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The Case for Curriculum-Based Reading Tests

In a New York Times op-ed, E.D. Hirsch, Jr. argues for a simple change to reading tests: ditch the random comprehension passages in favor of curriculum-focused ones. He made this case last year in the AFT’s American Educator, which we covered here at Edwize. Key passage:

Students now must take annual reading tests from third grade through eighth. If the reading passages on each test were culled from each grade’s specific curricular content in literature, science, history, geography and the arts, the tests would exhibit what researchers call “consequential validity” — meaning that the tests would actually help improve education. Test preparation would focus on the content of the tests, rather than continue the fruitless attempt to teach test taking.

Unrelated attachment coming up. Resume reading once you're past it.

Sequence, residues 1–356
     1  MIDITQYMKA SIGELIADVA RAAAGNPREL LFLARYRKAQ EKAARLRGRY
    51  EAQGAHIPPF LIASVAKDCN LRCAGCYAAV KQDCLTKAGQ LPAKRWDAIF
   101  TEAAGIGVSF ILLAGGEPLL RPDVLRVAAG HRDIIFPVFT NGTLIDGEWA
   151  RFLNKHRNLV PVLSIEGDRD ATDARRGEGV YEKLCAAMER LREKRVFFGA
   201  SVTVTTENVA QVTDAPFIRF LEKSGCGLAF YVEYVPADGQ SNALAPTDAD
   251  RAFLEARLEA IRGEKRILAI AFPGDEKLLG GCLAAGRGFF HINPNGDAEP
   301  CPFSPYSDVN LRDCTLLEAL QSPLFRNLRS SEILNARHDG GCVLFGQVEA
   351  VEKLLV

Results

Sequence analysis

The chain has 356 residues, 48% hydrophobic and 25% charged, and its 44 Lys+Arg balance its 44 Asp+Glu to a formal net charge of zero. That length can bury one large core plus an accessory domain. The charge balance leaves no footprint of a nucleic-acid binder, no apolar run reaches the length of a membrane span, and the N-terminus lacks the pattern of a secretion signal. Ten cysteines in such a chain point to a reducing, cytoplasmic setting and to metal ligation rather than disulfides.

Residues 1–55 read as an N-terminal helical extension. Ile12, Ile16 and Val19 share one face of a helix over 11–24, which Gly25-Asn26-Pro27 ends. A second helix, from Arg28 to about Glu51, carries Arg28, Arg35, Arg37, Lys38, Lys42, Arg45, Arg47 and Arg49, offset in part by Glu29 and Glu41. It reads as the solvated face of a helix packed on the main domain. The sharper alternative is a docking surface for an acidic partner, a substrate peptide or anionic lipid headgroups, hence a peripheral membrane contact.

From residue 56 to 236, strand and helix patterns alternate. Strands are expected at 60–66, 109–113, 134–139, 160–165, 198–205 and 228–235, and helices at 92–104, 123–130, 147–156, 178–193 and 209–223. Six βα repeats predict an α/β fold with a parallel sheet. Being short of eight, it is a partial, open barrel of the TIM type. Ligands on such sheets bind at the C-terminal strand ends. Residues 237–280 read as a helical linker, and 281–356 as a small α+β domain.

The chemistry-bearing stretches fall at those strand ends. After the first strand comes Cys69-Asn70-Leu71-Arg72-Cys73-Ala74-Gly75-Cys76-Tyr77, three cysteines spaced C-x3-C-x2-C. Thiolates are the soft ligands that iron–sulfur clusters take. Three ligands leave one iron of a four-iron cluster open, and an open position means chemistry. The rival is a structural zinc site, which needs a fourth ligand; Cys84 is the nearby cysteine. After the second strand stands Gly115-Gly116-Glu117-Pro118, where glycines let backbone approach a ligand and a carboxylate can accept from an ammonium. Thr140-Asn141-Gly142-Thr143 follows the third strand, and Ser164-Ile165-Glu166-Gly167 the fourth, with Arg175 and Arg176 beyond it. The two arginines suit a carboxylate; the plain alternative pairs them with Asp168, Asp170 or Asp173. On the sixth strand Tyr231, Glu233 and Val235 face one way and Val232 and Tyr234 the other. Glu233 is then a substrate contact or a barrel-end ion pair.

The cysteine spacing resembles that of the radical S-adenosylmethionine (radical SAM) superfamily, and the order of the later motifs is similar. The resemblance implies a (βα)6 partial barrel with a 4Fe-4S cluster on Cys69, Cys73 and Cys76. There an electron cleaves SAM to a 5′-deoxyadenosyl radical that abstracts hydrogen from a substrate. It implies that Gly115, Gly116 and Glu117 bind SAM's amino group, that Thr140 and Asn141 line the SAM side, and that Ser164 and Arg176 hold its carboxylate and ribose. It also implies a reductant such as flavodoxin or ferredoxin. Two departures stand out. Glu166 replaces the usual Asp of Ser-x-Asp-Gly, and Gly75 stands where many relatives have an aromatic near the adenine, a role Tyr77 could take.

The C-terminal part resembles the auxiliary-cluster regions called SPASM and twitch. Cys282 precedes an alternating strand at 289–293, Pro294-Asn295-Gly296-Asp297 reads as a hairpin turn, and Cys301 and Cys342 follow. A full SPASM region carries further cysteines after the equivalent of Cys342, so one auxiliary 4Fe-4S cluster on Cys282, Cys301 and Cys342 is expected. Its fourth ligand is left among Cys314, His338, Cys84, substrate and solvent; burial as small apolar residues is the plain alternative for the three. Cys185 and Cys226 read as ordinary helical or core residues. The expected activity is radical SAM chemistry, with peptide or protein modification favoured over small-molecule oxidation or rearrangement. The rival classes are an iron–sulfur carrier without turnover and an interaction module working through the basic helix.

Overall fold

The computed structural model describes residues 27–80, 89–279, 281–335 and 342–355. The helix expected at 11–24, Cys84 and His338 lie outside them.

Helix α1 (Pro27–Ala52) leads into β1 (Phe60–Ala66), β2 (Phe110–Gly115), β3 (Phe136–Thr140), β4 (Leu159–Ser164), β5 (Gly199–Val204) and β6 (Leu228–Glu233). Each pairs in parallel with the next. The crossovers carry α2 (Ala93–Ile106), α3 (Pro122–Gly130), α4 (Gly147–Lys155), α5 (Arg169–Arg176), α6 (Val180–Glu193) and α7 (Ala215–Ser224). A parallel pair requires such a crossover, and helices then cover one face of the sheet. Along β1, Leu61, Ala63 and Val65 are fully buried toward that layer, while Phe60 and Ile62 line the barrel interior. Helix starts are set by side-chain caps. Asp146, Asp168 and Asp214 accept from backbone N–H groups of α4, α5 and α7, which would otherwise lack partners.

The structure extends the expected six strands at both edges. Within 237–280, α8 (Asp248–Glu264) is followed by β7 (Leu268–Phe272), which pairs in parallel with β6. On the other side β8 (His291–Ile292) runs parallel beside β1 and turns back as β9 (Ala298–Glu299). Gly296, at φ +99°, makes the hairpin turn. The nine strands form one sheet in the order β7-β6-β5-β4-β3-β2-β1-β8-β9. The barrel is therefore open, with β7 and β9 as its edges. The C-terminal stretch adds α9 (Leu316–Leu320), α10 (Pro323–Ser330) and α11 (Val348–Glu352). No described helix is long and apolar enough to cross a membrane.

A 1988 study indicated why this improvement in testing should be instituted. Experimenters separated seventh- and eighth-grade students into two groups — strong and weak readers as measured by standard reading tests. The students in each group were subdivided according to their baseball knowledge. Then they were all given a reading test with passages about baseball. Low-level readers with high baseball knowledge significantly outperformed strong readers with little background knowledge.

The experiment confirmed what language researchers have long maintained: the key to comprehension is familiarity with the relevant subject. For a student with a basic ability to decode print, a reading-comprehension test is not chiefly a test of formal techniques but a test of background knowledge.

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